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Monday, March 13, 2017

036 - The Marathonomachoi

In this episode, we discuss the events leading up to the first Persian invasion of Greece (in 490 BC), including both sides preparations for war, shifting alliances amongst the Greeks and Persians, and regnal squabbles at Sparta; the Battle of Marathon itself and its aftermath; the folklore that surrounded the battle afterwards; the ongoing military feud between the Athenians and Aeginetans; and the internal political happenings at Athens during the 480s BC

492 BC - Mardonios, brother-in-law of Darius, is appointed as commander of the Persian army, establishes democracies in Ionian cities in place of former tyrannies, and sets out on a land and sea campaign to recover Thrace, which had broken from Persia during the Ionian revolt; Macedon once again recognizes the Great King as overlord, but the wreck of many ships in a violent storm as the Persian fleet tries to round Mount Athos on the Chalkidiki peninsula necessitates their return to Asia; however, with Thrace and Macedon under their control, Persian power now extends to the northern border of Thessaly

491 BC - Darius sends ambassadors to all Greek cities of the islands and central/southern Greece, requesting "earth and water" (i.e. submission); Athens and Sparta both resist, and Athens appeals to Sparta over suspected medism of their rival Aegina, so as a token of their reconciliation and alliance Kleomenes forces Aegina, a Peloponnesian ally, to furnish hostages to Athens; this leads to an internal squabble between the two Spartan kings, which results in Kleomenes convincing Leotychidas to get Demaratos exiled and to replace him as Eurypontid king; Demaratos thus flees to Persia, where he becomes advisor to Darius

Winter 491/0 BC - Darius makes preparations to punish Athens and Eretria for aiding the Ionian revolt and to take vengeance for the burning of Sardis (“Remember the Athenians!”)

Spring 490 BC - Datis and Artaphernes lead the Persian fleet from Cilicia in southern Asia Minor across the central Aegean, with the aim to exact punishment on Eretria and Athens and to install Hippias as tyrant; they take Naxos and burn its temples as retribution; Delos is spared and honored, though, while other islands are forced to give troops and hostages

Summer 490 BC - The Persian fleet sails to Euboea, forces Karystos to capitulate, and then proceeds to Eretria; the Persians pillage and burn Eretria's temples in revenge for the temples at Sardis and enslave its population; then they arrive with Hippias at the northern end of the plain of Marathon (an area of strong Peisistratid influence); Athens sends Pheidippides to Sparta for help, who covers 140 miles in one day; the Spartans, though, cannot send forces till after the full moon; so after Miltiades passes a motion to meet the Persians in the field, the Athenians march to Marathon, where they are joined by 600 Plataeans; the polemarch Callimachus follows the battle strategy of Miltiades (by using a double envelope), and the Persians are defeated (6400 Persian and 192 Athenian casualties, including Callimachus); the Persians then sail to Athens, but a possible shield signal (by the Alkmaionidai) is flashed to alert them that the Athenians had rushed back to Athens to prevent their landing; Datis and Artaphernes then return to Asia, where they are likely punished for their failures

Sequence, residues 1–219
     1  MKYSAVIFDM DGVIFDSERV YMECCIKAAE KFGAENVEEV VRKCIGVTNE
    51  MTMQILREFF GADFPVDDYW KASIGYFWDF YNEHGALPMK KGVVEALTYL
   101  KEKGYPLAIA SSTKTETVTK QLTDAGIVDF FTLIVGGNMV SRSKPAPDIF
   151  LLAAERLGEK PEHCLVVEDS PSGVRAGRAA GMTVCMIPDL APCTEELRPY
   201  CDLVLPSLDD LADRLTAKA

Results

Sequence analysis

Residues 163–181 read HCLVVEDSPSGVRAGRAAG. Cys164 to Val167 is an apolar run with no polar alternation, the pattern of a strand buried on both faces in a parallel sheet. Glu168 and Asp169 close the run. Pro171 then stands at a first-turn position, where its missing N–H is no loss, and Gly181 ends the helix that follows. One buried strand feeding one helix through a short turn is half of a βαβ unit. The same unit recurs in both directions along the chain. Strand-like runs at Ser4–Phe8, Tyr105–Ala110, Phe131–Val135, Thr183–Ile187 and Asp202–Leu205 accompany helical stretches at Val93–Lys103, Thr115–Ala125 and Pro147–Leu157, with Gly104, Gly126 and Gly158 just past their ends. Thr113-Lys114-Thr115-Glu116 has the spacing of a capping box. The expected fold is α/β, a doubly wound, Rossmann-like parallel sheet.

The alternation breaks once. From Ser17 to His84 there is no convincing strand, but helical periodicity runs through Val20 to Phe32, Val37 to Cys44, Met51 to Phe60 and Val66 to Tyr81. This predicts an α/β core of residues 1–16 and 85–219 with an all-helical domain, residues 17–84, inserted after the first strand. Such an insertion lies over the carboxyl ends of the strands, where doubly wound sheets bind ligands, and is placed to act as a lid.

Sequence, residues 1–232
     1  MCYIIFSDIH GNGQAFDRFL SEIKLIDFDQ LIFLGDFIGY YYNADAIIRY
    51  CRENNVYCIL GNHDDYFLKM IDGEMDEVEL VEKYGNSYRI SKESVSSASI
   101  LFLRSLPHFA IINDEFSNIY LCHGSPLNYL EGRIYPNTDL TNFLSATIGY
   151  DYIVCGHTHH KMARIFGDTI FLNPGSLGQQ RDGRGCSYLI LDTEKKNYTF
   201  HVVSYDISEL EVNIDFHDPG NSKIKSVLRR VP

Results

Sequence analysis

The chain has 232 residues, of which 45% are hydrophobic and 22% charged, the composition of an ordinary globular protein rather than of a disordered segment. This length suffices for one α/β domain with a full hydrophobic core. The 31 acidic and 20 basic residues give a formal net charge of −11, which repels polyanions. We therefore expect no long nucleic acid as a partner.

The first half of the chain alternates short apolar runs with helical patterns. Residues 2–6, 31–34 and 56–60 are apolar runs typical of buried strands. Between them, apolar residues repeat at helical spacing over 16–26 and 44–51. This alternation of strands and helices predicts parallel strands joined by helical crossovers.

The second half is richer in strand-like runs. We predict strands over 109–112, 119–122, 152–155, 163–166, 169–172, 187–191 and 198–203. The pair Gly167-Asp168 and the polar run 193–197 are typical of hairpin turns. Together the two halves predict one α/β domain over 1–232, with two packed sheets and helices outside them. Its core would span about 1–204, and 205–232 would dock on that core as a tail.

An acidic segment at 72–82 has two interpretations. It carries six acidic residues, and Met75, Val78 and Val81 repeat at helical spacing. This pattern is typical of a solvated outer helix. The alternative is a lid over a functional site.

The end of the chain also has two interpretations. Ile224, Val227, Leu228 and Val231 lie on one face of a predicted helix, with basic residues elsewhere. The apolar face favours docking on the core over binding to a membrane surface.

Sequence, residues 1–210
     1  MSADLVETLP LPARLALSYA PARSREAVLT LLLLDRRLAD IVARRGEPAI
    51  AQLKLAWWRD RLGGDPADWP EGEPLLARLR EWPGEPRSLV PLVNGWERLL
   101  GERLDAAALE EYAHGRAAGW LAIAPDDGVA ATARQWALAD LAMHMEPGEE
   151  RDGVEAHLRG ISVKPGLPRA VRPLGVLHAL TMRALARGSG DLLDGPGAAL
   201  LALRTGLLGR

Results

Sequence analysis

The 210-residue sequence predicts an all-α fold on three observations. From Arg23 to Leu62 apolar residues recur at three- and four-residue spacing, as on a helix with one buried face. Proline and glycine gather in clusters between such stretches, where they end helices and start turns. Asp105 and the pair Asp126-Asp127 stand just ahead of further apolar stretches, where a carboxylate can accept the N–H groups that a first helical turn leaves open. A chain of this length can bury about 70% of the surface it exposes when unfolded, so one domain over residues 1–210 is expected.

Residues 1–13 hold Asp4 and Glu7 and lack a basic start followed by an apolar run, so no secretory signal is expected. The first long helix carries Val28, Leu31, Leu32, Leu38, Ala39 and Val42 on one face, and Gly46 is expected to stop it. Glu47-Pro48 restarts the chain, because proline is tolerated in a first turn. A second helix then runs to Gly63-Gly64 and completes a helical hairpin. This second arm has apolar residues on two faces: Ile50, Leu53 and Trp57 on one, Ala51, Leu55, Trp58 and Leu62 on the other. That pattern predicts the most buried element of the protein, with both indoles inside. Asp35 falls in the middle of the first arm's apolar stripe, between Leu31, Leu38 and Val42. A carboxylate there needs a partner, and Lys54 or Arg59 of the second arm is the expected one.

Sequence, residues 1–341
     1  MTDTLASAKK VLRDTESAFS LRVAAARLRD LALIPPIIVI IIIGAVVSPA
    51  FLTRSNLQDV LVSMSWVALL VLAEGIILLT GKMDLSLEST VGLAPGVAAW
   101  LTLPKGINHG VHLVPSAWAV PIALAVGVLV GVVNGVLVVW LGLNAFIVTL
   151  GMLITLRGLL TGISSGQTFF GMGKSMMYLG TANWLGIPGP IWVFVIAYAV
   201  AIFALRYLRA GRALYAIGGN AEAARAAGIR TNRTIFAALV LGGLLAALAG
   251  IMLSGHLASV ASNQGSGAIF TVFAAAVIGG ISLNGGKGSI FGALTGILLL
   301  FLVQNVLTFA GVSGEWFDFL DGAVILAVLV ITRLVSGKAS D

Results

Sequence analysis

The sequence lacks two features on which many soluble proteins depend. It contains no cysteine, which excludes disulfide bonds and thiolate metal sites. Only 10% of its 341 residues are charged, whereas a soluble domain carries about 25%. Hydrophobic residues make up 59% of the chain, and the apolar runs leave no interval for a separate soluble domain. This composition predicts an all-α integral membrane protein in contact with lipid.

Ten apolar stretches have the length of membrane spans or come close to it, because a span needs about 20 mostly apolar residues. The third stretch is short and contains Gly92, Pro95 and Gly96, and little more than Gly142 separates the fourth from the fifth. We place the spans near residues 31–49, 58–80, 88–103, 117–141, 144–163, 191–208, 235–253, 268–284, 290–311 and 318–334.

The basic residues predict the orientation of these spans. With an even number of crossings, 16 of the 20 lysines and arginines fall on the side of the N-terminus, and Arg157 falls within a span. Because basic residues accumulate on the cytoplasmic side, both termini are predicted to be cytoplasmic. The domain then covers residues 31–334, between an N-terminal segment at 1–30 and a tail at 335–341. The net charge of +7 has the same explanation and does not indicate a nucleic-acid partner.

489 BC - Miltiades undertakes an expedition to force the Aegean islands to renounce their allegiance to Persia; despite initial successes, he is injured and fails at Paros; upon his return, he is tried by Xanthippos for deceiving the people and fined a hefty sum of fifty talents, but dies shortly thereafter from his wound; Kleomenes' plot against Demaratos is discovered so he flees to Thessaly and then attempts to organize the Arcadians and helots against Sparta; in order to prevent this uprising, he is invited back to Sparta but shortly after his return, he goes mad and kills himself; Leonidas takes over as Agiad king of Sparta

Winter 488/7 BC - Ostracism of Hipparchos, a relative of Hippias (condemned to death in absentia); first successful ostracism on the Athenian historical record

Winter 487/6 BC - Ostracism of Megakles, leader of the Alkmaionidai and friend of Hippias

486 BC - The Spartans send Leotychidas with Aeginetan envoys to Athens for the Aeginetan hostages; Athens refuses and so Aegina captures a number of leading Athenians; war between Athens and Aegina results, in which the Athenians defeat a small Aeginetan naval squadron in the Saronic Gulf but are repulsed when they land on the island

Winter 486/5 BC - Ostracism of Kallias, son-in-law of Miltiades and friend of Megakles

Winter 485/4 BC - Ostracism of Xanthippos, brother-in-law of Megakles

483 BC - Athens discovers an unusually rich vein of silver in the Laurion mines with profits of 100 talents a year to the state; instead of distributing 10 drachma to each citizen, Themistocles persuades the people to pass a decree supposedly to build a large fleet of 100 triremes for the war with Aegina, but secretly he is aware of Persian preparations for another invasion (he is likely opposed by the hoplite-focused faction of Aristides); in addition, 100 of the richest men in Athens are made responsible for building and equipping one trireme each (first reference to what becomes the trierarchic system); timber for the 200 ships is imported from Macedon, where king Alexander, despite being a Persian vassal, remains pro-Athenian

Winter 483/2 BC - Ostracism of Aristides, political opponent of Themistocles

Supplementary Resources (Videos, Photos, Other Podcasts)



Map/Battle of Marathon (Initial Situation)

File:Busto di temistocle, da originale greco del V secolo ac, dal decumano presso il casamento del temistocle.JPG

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